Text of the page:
I am really grateful that I was able to meet Caryl through a vet I just had jumped in. I think I was longing to meet someone like Caryl for such a long time. She has made my life much easier and I believe my dog’s life, too.

We moved to Los Angeles from Tokyo with our dog for my husband to attend business school. He getting accepted to school and we moving to the States were very exciting news, but at the same time my dog had become the biggest problem of my life.

My dog, 7 years old and a male Maltese, has had many behavior problems. I had brought him up like a spoiled child. I believed that if you gave as much love as you can, he would just turn out to be perfect, in another words a well behaved dog. But he proved me wrong and his dominant behavior escalated as the years went by. He growled or barked at us whenever he didn’t get his way, and he
would not do anything I wanted him to do.

But my biggest concern was that he had the worst separation anxiety and I wasn’t able to leave the house. It seemed like my dog was running my life and I was tolerating it. I had knocked the doors on every dog training schools, but all gave me the same answer saying that it was impossible to retrain him at his age. I was hopeless and clueless.

Then I was introduced to Caryl and I was thankful just after our first session because he was obeying my command for the first time. The first session, he kept on barking to get his way with Caryl and it was very embarrassing for me and at the same time I felt very sorry for my dog. I had brought him up wrong and I was all to blame for, and the dog didn’t know what was happening. But with Caryl’s patience and her experience, she and my dog were able to get to a point where she was able to communicate with my dog. I guess that my dog probably feels very secure with Caryl and trusts her, so he does what he is expected.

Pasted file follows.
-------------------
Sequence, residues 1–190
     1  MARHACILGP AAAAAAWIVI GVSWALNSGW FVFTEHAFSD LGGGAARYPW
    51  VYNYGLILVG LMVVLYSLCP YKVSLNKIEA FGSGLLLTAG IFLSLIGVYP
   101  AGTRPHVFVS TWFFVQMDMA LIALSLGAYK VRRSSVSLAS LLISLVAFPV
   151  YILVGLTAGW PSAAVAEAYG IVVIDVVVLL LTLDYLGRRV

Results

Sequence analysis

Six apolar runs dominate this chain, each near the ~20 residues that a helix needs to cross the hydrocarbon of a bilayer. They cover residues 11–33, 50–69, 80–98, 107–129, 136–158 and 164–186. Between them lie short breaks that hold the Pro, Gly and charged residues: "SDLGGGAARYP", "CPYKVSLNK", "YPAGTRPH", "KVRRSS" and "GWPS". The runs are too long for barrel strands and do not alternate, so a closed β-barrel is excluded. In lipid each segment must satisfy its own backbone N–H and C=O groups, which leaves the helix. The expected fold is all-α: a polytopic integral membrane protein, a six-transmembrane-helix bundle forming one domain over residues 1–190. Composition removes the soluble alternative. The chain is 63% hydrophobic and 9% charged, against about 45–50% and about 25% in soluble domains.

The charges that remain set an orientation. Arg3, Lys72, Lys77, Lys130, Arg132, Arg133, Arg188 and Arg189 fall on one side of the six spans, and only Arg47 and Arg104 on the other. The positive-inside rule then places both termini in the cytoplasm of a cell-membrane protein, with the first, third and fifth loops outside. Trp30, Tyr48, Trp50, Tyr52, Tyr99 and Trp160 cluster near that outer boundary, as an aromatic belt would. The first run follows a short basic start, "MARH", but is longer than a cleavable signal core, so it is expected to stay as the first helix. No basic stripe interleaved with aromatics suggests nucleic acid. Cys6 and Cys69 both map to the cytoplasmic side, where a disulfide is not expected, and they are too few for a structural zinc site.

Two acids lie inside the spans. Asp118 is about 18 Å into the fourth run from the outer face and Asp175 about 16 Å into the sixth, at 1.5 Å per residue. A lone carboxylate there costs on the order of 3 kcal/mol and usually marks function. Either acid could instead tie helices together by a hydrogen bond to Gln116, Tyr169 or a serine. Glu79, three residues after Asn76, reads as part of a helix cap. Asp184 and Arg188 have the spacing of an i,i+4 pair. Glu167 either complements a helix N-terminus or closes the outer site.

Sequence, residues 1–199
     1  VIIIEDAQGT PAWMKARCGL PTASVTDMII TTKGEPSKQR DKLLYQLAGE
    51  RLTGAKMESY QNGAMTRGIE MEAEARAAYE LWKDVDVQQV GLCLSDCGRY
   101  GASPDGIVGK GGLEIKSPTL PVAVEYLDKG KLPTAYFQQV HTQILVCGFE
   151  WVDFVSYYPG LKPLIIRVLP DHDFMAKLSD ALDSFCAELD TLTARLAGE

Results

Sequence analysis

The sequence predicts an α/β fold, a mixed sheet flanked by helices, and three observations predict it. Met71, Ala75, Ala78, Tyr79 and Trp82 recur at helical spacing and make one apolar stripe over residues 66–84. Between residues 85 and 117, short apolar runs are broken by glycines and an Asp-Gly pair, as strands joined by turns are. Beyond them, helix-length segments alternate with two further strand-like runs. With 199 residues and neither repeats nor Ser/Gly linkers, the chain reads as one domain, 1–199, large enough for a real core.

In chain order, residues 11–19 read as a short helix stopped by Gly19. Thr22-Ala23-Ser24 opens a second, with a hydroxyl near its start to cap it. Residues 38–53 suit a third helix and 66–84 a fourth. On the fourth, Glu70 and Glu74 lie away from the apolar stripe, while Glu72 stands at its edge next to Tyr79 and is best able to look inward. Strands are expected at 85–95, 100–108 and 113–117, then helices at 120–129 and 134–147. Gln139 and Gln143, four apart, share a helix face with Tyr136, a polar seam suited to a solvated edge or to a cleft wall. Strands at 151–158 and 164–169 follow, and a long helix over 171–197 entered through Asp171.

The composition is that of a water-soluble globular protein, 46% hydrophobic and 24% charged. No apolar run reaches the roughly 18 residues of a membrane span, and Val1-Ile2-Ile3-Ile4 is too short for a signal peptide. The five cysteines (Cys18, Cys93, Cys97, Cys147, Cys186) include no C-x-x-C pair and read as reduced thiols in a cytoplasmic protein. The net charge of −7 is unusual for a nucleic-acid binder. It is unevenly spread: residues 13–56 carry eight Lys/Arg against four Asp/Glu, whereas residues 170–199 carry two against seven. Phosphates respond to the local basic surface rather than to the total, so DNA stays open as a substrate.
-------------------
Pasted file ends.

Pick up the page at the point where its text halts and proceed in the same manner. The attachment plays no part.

One thing we tried to do so hard when knowing we had to put my dog on the plane was to get him inside a crate. We tried everything, but he seemed to be so scared in the situation of confinement and darkness. The most he would do was to put his two forehands in and reach very hard to get the treats in the back corner. Till the last day of our flight we were not successful in getting him in the crate. So we were left with the only option of giving him tranquilizers and shoving him in. The medicine did not work at all and he was whining all through his flight. But Caryl gave him a treat and said “IN” and the next moment he was in the crate and through our session he stayed in there.

Now he takes his naps inside the crate. What did Caryl do that was so different from my training? I haven’t figured it out, but that’s how good she is with dogs.

Another great thing about Caryl is that she counsels you. She is ready to hear your problems out and she has so many advice. I think this is very important because training your dog can be a lot easier
when you understand your dog’s point of view.

It is so hard to put into words, but she does miracles with my dog. Usually when you try to force a dog to do something or raise your voice, a dog can get scared and avoid you the next time. But Caryl
just has this warmth and tenderness that dogs relate to. By following her basic command training daily, my dog’s separation anxiety is starting to fade away. I regret myself in being too ignorant
towards my dog, and I just wish I had met someone like Caryl a lot earlier. She is not only an animal behaviorist, but also a great dog owner counselor. Thanks to Caryl, I am able to enjoy my
stay in the States without feeling guilty in leaving my dog home alone.

Ai and Yoshihide Azuma